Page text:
Across the country, critics of increasing housing density in single family neighborhoods are disproportionately older, wealthier, white homeowners. A survey released by the county last year found nearly 80% of homeowners opposed the missing middle policy and about 70% of renters supported it.
Advocates of missing middle housing say there's a deep generational gap when it comes to housing density. Older residents, many of whom have owned single-family homes in the community for decades, are fearful of their neighborhoods changing.
"I'm disappointed that much of the major pushback is coming from my generation," Marjorie Green said. "We were the 'we're going to change the world' generation and in fact, now that we have a foothold in leafy suburban neighborhoods, many of us are saying, no, wait a minute, don't let that change impact us too much."
But seniors are among those who could benefit the most from having new, smaller accessible housing in their neighborhoods.
Critics of upzoning argue the increased density will lead to school crowding, reduced green space, and increased traffic, among other concerns.
In an overwhelmingly Democratic county, the politics don't code neatly as red or blue. Fiegen Green said many Democratic officials have avoided the issue and not taken a side.
Some Democrats, like Arlington County Board candidate Natalie Roy, are deeply opposed to the missing middle effort. Roy, who's also a realtor, argued that the policy change won't lead to desperately needed affordable housing for low-income residents. Her alternative housing plan involves offering more financial assistance to lower-income residents and more housing opportunities for seniors, but wouldn't create much new supply.
Roy pointed to the fact that the county is already among the most densely populated in the country.
"My goal is not density, it is affordability and diversity," she said. "We do have high density exactly where it should be in Arlington — around transit corridors. We are a national model for it."
She insisted that the missing middle housing initiative "is about getting rid of single-family homes."
Roy pointed to a proposal to build three new townhomes on a single family lot in the expensive Lyon Park neighborhood. The new homes, each with 2,200 square feet of living space and a garage, would be on the market in late 2024 for $1.2 million. The pricey new housing, she argued, shows how upzoning won't serve middle class families.
But upzoning supporters and experts say the additional supply of even high-end homes helps alleviate demand on existing housing.
"I don't know how you can argue against the fact that if a little brick house goes down and a mansion comes up, you've not added anything to the market," Pat Findikoglu, a retired Arlington public school teacher and volunteer for VOICE, told Insider. "If a little brick house goes down and a quad goes up, you've added three extra units."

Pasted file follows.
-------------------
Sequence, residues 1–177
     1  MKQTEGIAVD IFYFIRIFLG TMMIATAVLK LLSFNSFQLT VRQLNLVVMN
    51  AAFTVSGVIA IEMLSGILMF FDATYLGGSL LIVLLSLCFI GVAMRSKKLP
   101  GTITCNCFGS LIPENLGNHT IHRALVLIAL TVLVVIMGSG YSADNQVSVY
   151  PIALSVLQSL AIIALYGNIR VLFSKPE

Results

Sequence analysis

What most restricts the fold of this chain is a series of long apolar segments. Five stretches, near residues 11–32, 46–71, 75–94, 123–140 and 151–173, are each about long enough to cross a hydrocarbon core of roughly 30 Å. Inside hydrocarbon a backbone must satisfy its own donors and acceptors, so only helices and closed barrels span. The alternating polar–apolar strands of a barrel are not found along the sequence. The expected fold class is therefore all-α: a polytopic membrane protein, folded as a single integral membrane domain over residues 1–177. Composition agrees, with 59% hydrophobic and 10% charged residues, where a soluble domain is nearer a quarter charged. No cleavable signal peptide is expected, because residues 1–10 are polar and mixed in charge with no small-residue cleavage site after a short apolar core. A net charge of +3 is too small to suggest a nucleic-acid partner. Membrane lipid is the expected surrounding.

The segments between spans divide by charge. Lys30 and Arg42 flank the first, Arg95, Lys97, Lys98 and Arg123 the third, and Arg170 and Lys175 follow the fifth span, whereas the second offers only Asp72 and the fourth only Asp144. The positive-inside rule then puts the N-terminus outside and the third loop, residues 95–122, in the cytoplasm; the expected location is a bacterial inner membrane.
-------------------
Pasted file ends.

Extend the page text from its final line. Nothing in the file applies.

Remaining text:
The initiative's proponents concede that upzoning won't come close to solving the county's shortage of affordable housing. But they argue that upzoning will allow more housing options across the spectrum of incomes and, over time, offer more abundant and affordable options. And they point to the county's separate efforts to build housing for low-income renters and homeowners.
"What I've come to understand is, it's not enough to have housing for the poorest of the poor," Findikoglu said. "We need abundant housing at every single level."
A long road to increasing housing density
Advocates say that zoning reform is just a first, incremental step toward denser, and ultimately more affordable, neighborhoods. Cities and states that have ended single-family zoning haven't necessarily seen much new building. Additional regulatory changes are often necessary to incentivize new construction.
David Garcia, policy director of the Terner Center for Housing Innovation at the University of California, Berkeley, and his team of researchers found that California's 2021 upzoning law could enable 700,000 new homes. But the actual amount of new construction will be far lower because of other land-use constraints, including height restrictions and parking requirements.
In Minneapolis, which was the first US city to legalize multi-unit buildings on single-family lots, few new triplexes have been built because the land use reforms haven't been made. But Portland, Oregon — which now allows up to four-unit buildings on previously single-family lots — also changed their codes to allow the new structures to be larger than single-family homes.
"That takes some time and some thought and it's not as easy as taking one vote," Garcia told Insider. "You have to think comprehensively about the suite of land use policies that impact the single family zones, not just the base zoning allowances."
Despite the massive effort it took to pass missing middle housing, Arlington officials predict change will be slow and limited.
"This will probably bring between 20 and 50 new developments a year," Hogan said. "I mean, a tiny drop in the bucket."